I’m reminded of a neighbor from forty years ago who bought a crane with a clamshell bucket to dig a squiggly pond on his property. So why all the little ponds of different shapes? Maybe a place for students to learn heavy equipment operation. Maybe somebody wanted some migratory waterfowl habitat with as large a shoreline/surface area ratio as possible. Maybe someone’s art project. I spent a few minutes looking at Google Maps of Kansas trying to find the distinctive bent road seen at the upper left of Retzbu’s screen cap before I realized just how big Kansas is if you have to zoom in to the county road level.

I was able to watch it from your link.

They dramatize this as if this area were found on another planet. It’s in freakin’ Kansas in an area with roads and farmland. Just send someone out to look at it.

The show used to be great but they have run out of interesting satellite discoveries.

The only similar thing I have come across so far in Kansas is the Cheyenne Bottoms Refuge. It is a large bird sanctuary with some C-shaped and S-shaped mounds rising out of the marsh, and I think they are modern constructions. The site shown in the “Ghost Town Terror” episode looks more like a golf course with way too many water hazards and no buildings or paths.

I wonder if the “Geolyphs” are natural formations. There are a number of strange features on earth that are visible from space, i.e. regions of colored landscape that stand out starkly when seen from miles up, but don’t necessarily look like much from the ground. This video, from the sound of it, might be trying to make something exciting and woo-woo about nothing more than concentrations of groundwater leading to certain vegetation creating colored patches on the surface of the earth…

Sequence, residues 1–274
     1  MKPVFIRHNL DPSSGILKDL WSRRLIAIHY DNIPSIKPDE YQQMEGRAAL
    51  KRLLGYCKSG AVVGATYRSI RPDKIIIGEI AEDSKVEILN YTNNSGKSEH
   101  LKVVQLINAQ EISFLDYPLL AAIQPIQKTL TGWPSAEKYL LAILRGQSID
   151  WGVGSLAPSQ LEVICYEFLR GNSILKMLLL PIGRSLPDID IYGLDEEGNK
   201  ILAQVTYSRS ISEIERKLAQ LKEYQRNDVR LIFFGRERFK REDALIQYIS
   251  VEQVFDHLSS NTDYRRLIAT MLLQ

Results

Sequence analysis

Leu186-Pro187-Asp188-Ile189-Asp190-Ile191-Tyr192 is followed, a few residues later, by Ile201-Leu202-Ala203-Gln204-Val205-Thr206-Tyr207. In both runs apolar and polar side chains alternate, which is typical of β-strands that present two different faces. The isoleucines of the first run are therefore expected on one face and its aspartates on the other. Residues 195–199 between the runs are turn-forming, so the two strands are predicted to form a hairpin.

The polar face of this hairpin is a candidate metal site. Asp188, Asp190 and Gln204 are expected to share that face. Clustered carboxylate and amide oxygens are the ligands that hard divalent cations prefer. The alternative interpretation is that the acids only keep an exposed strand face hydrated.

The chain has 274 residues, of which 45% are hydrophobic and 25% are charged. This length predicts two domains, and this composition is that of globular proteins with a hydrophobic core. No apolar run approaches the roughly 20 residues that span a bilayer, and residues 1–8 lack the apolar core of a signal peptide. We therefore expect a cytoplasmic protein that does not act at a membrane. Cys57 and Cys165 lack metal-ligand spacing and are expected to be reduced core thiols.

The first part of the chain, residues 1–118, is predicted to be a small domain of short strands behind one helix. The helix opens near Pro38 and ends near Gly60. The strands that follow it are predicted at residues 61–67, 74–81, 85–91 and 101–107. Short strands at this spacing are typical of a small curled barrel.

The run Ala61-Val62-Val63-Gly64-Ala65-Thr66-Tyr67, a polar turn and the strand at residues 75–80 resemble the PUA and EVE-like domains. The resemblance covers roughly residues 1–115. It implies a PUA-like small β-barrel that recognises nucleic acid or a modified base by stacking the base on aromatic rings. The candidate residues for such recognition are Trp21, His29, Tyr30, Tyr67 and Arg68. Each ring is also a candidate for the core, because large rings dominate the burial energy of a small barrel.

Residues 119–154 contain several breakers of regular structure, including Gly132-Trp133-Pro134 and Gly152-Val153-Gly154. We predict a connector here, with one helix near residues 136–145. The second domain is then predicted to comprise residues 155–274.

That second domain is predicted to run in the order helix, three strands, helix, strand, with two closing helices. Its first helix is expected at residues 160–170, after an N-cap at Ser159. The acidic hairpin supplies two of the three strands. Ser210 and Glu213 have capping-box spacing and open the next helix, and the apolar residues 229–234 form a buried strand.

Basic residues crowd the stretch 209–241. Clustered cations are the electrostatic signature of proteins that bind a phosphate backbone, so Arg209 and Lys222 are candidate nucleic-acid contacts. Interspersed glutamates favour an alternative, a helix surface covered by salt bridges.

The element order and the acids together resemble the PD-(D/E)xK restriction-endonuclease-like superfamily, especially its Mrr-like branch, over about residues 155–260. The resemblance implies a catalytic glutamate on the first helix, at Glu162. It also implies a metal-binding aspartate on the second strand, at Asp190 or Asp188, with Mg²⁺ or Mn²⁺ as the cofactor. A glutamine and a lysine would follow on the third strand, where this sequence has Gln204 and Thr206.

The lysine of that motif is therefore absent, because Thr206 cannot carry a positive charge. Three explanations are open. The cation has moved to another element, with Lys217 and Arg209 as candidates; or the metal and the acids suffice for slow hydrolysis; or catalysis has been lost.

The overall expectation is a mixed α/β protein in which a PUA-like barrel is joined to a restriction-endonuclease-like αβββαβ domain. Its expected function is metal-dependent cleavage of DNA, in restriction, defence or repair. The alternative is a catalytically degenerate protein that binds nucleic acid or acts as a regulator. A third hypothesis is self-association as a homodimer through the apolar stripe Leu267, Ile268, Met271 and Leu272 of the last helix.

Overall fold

Assuming we are seeing the map in its normal orientation, the place shown is to the east of a body of water (or a larger river, I guess). The meandering river drains west.

Also, scanning around google maps, I would say this appears to be not much further west than Wichita, as once you go west from there, so many of the fields have circular features from irrigation, which this image does not have

I live in Kansas. I’m up for a road trip. Just tell me where to go!

Virtually all rivers in Kansas drain mainly to the east. This is probably a tributary stream to a larger river, but I’ll be damned if I can find it on Google Maps. Plus, I’ve lived here all my life and have never heard of these ‘symbols.’

What are the striated patterns on the fields at the top, right of centre, and bottom, left of centre? Are these terraces on a slope, or drainage ditches, or something?

I am convinced we can find this just by matching vegetation coverage and colours. At the moment, I am seeing a lot of similarities with areas just to the west of Kansas city